What I've been trying to promote all the time is that you guys should stop worrying and just implement something that allows the slave to commit transactions out of order. This should be the simplest to implement (just distribute incoming transactions round robin), and gives the biggest benefit. What everyone seems to be forgetting that the concept of a transaction already is the answer to the question: a transaction is a series of operations that need to be executed atomically together, but is (relatively) independent of other transactions.
I can easily list several use cases which can tolerate such out-of-order replication:
- Batch load of 100 million rows into a table. I totally don't care about the order you put those rows there, as long as they get into the database, asap! Today this can make your replication lag for hours.
- Anything that is a session database, shopping cart, etc. Each user is represented by one row in the table. Each row is independently updated.
- Even more complex scenarios that in theory aren't fully independent transactions, tolerate out of order applying in practice. Imagine you developed Facebook: A user can post a status, and others can post comments to it. Suppose a spammer posts a comment 1 millisecond after you posted your status. Suppose then the comment is replicated faster than its parent status. OMG the database is now in an inconsistent state!!!! Typically the application would probably just ignore the comment as long as the parent status is missing. Once the parent status arrives, also the comment will be found to belong to it.
- In the dead MySQL design I gave even used the classic bank example: If I transfer 100EUR to you, this is one transaction. It doesn't matter to us at what point in time this happens relative to other transactions. Otoh if I donate 100EUR to charity and in the same second you win 100EUR on the lottery, it is completely irrelevant to either of us which one of these really happened first. In all of these cases the total amount of money in the bank is constant, and consistency of each account is guaranteed. (Actually, I can now think of some bad examples that might prove myself wrong - it would depend on how details are implemented.)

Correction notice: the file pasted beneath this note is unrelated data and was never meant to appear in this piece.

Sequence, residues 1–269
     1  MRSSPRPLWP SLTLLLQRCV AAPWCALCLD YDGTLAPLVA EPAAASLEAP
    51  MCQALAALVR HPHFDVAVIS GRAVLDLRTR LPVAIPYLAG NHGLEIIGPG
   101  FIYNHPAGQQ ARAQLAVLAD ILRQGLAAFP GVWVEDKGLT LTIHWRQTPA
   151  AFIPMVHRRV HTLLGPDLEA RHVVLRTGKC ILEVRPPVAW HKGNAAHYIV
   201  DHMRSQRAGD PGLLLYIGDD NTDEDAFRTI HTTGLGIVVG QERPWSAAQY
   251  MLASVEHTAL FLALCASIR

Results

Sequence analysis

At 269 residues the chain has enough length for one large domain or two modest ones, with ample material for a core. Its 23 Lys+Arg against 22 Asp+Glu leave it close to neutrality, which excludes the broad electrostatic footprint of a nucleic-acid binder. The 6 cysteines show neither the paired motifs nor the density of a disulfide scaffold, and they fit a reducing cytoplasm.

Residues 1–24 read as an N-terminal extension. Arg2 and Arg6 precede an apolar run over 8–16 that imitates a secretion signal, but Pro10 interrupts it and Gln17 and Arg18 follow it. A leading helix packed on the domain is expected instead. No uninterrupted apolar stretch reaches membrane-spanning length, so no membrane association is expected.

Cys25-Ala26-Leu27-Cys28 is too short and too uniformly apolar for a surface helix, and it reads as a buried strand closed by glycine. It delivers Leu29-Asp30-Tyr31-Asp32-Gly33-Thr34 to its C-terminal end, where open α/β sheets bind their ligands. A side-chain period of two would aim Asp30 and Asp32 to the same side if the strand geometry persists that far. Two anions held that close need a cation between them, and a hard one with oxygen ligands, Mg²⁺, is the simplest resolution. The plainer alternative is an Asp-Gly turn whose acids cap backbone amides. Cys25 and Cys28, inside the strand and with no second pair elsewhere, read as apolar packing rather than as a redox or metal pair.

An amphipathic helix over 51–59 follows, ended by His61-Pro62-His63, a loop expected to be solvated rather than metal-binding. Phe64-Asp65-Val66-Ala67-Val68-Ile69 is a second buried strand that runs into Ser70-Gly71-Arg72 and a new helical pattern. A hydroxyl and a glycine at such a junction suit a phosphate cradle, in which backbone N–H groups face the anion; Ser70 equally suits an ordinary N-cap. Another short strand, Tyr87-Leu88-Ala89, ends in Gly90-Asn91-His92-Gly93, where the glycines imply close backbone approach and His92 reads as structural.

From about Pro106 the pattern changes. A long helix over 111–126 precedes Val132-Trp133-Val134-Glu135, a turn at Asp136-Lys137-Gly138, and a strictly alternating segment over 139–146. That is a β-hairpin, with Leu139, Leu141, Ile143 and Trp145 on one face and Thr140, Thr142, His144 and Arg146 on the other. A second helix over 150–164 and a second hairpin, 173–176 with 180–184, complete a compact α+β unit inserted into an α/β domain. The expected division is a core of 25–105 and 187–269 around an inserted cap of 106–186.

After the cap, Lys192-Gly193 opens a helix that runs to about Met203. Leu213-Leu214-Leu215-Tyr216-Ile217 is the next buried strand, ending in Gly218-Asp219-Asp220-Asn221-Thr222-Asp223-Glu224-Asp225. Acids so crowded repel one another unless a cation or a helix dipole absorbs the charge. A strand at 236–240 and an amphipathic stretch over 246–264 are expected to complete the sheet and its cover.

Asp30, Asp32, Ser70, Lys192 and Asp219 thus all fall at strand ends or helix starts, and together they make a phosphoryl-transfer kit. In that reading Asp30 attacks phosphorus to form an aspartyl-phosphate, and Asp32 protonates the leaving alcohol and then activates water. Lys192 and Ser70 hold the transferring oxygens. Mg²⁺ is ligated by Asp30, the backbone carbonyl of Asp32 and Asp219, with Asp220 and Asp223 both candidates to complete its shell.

- Any application that allows you to write to more than one master (such as the geographically nearest data center) is by design already tolerant of out of order commits. If at the same microsecond we commit transactions T, U, V in the US data center and transactions X, Y, Z in Europe data center, then there is no single truth to which of these are first and which later. It all depends on which continent you live on. So why should the replication be concerned with such questions either?
At last week's Meet Up in Helsinki (Heikki Tuuri was speaking, he develops some open source database software here) I met Seppo Jaakola from Codership. They have apparently implemented out of order parallel replication for Galera.
In addition to parallel replication Galera also has - say it with me - synchronous multi-master replication, global transaction id's, conflict resolution.
I'm now actively looking for an excuse to test Galera as part of some evaluation.